Opinion: MLK’s philosophies aren’t impeded by sexual assault allegations

Evidence brought to light in 2019 seems exaggerated at best, falsified at worst


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Rev. Dr. Martin Luther King, Jr. was a stunningly honest and immeasurably important figure in the civil rights movement of the 1960s.

“I have a dream that one day this nation will rise up and live out the true meaning of its creed: ‘We hold these truths to be self-evident, that all men are created equal.'”

The illustrious Reverend Doctor Martin Luther King Jr.’s words from his “I Have a Dream” speech are instantly recognizable to any American. A pinnacle of the civil rights movement in the ’60s, King led several protests, including The Montgomery Bus Boycott, that paved the way for future generations of Black Americans. 

Among King’s many accomplishments, he founded the Southern Christian Leadership Conference (SCLC), whose motto was, “Not one hair of one head of one person should be harmed.” 

Yet, a 2019 essay by historian David Garrow titled “The Troubling Legacy of Martin Luther King” accuses Dr. King of abetting sexual assault. Garrow bases his entire argument on a handwritten note along the side of a typed-up Federal Bureau of Investigation (FBI) report. This note claimed that King “looked on, laughed and offered advice” as his colleague raped a woman traveling with them. While this could indeed be a crucial piece of evidence against King, the FBI would not have known that he had “looked on” during the assault, as the report was supposedly taken only from audio recordings.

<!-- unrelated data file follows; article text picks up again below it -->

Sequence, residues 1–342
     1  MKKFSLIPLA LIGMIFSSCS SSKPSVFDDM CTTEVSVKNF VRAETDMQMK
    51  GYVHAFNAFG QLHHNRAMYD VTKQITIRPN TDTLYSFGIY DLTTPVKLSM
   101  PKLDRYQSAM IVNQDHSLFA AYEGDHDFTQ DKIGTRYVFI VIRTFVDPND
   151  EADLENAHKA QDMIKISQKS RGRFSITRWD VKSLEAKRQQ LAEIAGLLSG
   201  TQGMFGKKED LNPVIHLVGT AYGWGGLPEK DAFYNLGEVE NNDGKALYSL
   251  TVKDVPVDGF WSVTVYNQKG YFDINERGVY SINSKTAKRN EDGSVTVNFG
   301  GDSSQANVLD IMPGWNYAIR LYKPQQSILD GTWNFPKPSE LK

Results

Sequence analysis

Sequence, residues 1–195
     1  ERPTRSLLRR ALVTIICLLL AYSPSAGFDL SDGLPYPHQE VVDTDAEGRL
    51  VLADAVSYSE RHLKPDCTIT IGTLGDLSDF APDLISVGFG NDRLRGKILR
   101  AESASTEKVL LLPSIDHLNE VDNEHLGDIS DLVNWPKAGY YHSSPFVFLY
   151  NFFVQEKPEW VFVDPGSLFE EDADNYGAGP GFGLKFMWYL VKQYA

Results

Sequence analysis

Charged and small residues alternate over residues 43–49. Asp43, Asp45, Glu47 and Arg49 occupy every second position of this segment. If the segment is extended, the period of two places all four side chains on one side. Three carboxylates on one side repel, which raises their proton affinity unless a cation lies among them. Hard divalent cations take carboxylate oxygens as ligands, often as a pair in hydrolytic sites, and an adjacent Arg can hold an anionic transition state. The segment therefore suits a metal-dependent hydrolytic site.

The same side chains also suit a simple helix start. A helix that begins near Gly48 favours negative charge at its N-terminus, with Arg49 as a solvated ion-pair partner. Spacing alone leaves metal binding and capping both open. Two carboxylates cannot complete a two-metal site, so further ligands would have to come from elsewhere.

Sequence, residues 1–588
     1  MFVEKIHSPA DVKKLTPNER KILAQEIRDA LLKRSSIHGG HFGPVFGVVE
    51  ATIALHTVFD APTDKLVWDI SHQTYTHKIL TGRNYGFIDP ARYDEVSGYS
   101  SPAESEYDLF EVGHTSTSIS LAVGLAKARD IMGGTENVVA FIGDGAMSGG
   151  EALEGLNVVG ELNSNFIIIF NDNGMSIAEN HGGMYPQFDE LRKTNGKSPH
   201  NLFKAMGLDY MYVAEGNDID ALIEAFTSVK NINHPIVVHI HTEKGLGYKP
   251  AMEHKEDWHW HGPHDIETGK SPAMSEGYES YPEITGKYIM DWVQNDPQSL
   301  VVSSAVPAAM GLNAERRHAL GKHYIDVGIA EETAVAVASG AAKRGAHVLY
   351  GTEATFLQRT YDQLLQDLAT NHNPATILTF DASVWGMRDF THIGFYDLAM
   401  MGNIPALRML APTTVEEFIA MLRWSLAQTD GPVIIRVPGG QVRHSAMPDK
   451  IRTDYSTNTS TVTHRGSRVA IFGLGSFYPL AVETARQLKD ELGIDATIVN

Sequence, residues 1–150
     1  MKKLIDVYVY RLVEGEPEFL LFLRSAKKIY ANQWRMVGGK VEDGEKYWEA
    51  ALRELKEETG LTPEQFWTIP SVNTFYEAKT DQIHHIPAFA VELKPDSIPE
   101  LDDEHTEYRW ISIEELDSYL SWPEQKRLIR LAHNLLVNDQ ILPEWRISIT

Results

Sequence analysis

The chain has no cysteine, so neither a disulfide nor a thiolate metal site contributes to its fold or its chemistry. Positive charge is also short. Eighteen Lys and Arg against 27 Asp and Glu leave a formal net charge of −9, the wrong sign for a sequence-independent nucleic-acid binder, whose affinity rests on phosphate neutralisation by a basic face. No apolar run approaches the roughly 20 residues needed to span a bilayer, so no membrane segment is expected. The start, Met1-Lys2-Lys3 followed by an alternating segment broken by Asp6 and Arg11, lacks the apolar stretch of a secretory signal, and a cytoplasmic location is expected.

Other than the shaky evidence that appears almost as an afterthought in the margins of the FBI report, there are no recordings of this assault in the public domain. There is no concrete evidence that said recordings even exist, as the only people to have ever heard them would have been the FBI agents who wrote the report. 

Another piece of evidence in favor of King is an anonymous letter, authorized by FBI Director J. Edgar Hoover and sent to King, detailing how he should take his own life because of his supposed sexual deviancy. The FBI wanted him gone, and what better way to tarnish his image than calling into question what everyone thought were his nonviolent morals? 

Although it is imperative always to believe the survivor of a crime or assault over anyone else, there is no evidence that the woman who was raped ever came forward. Most of the evidence against King is simple speculation, which makes this case convoluted and onerous to parse together. There is no denying that King’s legacy will continue to live on; he was a central figure in the post-war civil rights movement and led many through protests and prayers alike.